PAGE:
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WATCH: Durrell at "inflection point" following historic vote

WATCH: Durrell at

Saturday 04 May 2024

WATCH: Durrell at "inflection point" following historic vote

Saturday 04 May 2024

Durrell leaders have spoken about their relief after members voted against ousting the charity's trustees and opening an independent investigation into the running of Jersey Zoo.

But the beloved Trust is due to be held more accountable than ever on the complaints that were raised.

Express spoke to three Durrell leaders about the outcome of Thursday's Extraordinary General Meeting, and the charity's future...

Dr Lee Durrell, Honorary Director

Gerald Durrell's widow spoke about how difficult the past months had been for her.

"Now, we're kind of at an inflection point," she said.

At Thursday's meeting, Dr Durrell spoke to members about planning the animal collection around her dining room table – a spirit she said she wanted to maintain, despite the staff not fitting around her table anymore.

She explained: "We've certainly grown enormously in terms of numbers of staff, in terms of budget, and all that sort of thing. There's always a danger if you grow too fast, too quickly, if you lose sight of your mission. 

"I think that's one thing about Durrell, we don't lose sight of our mission and we never have."

Dr Durrell warned against "mission drift", when a large organisation loses its sense of purpose.

"It depends on having a good strong board, good staff who are absolutely on board and sitting around the dining room table. That's what we did so many years ago."

With the Rewild Our World strategy – which sets the direction for Durrell in Jersey and abroad – due for a refresher, Dr Durrell commented that she thought "we should be setting the strategy for the next 100 years".

She acknowledged that staff losses had meant losing expertise.

"We tackle it by hiring really good people, learning on the job, learning from those who are still left, reading about things," she said.

"It takes experience, obviously, and you can't just immediately buy that. But slowly, slowly, gradually, I know that we'll build up to that expertise, that very fine, valuable expertise that we have lost, we've got to do it and we will do it."

Dr Durrell added that accountability was "absolutely vital" and that the charity had been accountable, with "robust procedures in place" – although these had been improved along the way.

She added that she was now preparing to mark what would have been Gerald Durrell's 100th birthday early next year, adding that everyone was invited to "join the party".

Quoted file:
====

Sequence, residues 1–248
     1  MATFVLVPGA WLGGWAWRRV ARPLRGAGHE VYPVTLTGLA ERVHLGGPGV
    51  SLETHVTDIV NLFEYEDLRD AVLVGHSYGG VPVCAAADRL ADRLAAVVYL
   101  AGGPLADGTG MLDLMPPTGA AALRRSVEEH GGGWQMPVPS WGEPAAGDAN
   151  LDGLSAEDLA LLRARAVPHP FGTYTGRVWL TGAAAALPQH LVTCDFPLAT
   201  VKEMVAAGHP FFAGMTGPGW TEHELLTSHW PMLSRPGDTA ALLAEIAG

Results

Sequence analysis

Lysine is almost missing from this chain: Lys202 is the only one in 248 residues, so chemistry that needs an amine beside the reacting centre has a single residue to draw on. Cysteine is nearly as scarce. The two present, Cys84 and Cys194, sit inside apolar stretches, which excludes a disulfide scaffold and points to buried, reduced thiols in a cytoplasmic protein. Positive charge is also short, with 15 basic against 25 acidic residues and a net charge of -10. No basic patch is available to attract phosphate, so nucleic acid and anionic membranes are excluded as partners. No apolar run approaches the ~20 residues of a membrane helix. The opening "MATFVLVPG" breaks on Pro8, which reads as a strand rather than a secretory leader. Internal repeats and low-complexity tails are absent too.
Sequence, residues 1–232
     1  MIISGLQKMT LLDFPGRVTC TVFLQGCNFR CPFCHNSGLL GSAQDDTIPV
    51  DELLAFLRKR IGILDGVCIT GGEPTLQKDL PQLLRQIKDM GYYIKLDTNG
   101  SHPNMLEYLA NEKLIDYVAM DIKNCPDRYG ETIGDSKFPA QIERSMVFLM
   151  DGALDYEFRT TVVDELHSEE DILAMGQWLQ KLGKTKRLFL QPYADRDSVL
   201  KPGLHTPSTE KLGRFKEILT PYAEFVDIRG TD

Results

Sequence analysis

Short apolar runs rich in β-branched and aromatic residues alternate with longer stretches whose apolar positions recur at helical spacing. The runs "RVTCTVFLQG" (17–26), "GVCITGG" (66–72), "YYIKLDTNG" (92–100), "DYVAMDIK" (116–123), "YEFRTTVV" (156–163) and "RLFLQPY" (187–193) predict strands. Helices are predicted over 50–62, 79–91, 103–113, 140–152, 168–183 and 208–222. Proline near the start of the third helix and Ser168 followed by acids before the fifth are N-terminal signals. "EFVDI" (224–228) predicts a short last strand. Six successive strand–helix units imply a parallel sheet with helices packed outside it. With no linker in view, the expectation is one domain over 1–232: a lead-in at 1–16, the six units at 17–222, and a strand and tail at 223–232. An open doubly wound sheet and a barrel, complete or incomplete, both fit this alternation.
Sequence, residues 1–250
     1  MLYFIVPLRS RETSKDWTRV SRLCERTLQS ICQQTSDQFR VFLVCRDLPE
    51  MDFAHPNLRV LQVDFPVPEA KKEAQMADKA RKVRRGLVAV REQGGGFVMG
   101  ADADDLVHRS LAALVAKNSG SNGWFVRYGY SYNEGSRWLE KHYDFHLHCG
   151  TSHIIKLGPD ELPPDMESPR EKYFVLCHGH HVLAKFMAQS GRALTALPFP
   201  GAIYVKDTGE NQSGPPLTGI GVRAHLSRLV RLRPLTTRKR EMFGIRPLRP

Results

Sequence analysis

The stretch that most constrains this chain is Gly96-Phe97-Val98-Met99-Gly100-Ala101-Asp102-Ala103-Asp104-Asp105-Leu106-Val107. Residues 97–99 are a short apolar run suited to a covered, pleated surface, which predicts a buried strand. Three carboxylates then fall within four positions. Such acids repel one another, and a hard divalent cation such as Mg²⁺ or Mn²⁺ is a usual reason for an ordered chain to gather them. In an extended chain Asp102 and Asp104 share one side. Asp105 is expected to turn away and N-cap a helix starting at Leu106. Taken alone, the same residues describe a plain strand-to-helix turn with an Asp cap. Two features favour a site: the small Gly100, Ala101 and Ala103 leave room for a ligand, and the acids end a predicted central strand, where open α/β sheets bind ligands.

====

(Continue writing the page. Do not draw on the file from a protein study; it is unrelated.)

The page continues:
Rebecca Brewer, interim Chief Executive Officer

Rebecca Brewer, who took over the role of CEO after Lesley Dickie's departure in September 2023, said she valued hearing everyone's thoughts.

"It was clear that there was a huge amount of passion for Durrell, and a huge amount of support out there as well.

"I was on the stage when I could see the votes go up. It feels like a long journey to get to this point, it's been hugely impactful."

Ms Brewer said she was "really relieved" to hear the result.

"We've heard really loud and clear that there have been people [who feel] that we've lost our way with Gerry's legacy, and that's really not the case," she said.

"But actually, what can we do to bring everyone together, share their thoughts, feelings, views on that?"

She added that a number of improvements were being made – including a whistleblowing hotline due imminently, and regular "Breakfast with Becky" events for staff.

Ms Brewer said that the Trust sometimes had to get started on building projects before getting planning permission "where it is in the best interest of animals".

Matthew Hatchwell, Chair of the Board of Trustees

Matthew Hatchwell said that it was a shame to have found themselves in the EGM situation in the first place.

He said: "It has caused a lot of difficulty for staff here at the Zoo in particular, who have borne the brunt of a lot of the criticism that's been levelled at the Trust, but we're very pleased with the outcome... and it enables us to focus on the future and on the new strategy that we're going to start putting together in coming months to increase, in turn, the impact that the Trust has around the world."

He added that the priority right now was on "healing the differences in opinion that have arisen" between members and between staff.

Mr Hatchwell explained that every three years, the Board of Trustees is subject to an external assessment, with the next one due later this year. These would normally not be public, he said – but this might change.

"Previously, the outcomes of those assessments haven't been made publicly available," he said.

"We've discussed it and we will consider making at least some of the findings public, because there's clearly an interest in that and we're very open to self-scrutiny.

"In fact, as part of the strategic planning process, we're going to be looking at the governance of the Trust, our role as a Board, looking to make sure that the structure of the Trust as it is is fit for purpose."

He added that the Trust's focus was now on "the next stage in Durrell's history" and on the upcoming 100th birthday of Gerald Durrell, next year.

Speaking for the Board, Mr Hatchwell wanted to thank the staff, particularly at the Zoo, who had to bear the brunt of the criticism.


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INSIGHT: Who are the campaign group behind the push to shake up Jersey Zoo and what do they want?

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Cost of dealing with rebel zoo members has been "extremely high"

INSIGHT: Key resignation and campaigner concerns pile pressure on Jersey Zoo

FOCUS: Sloths, social media posts and 'snubbed' staff... The drama before Dr Dickie's departure from Jersey Zoo

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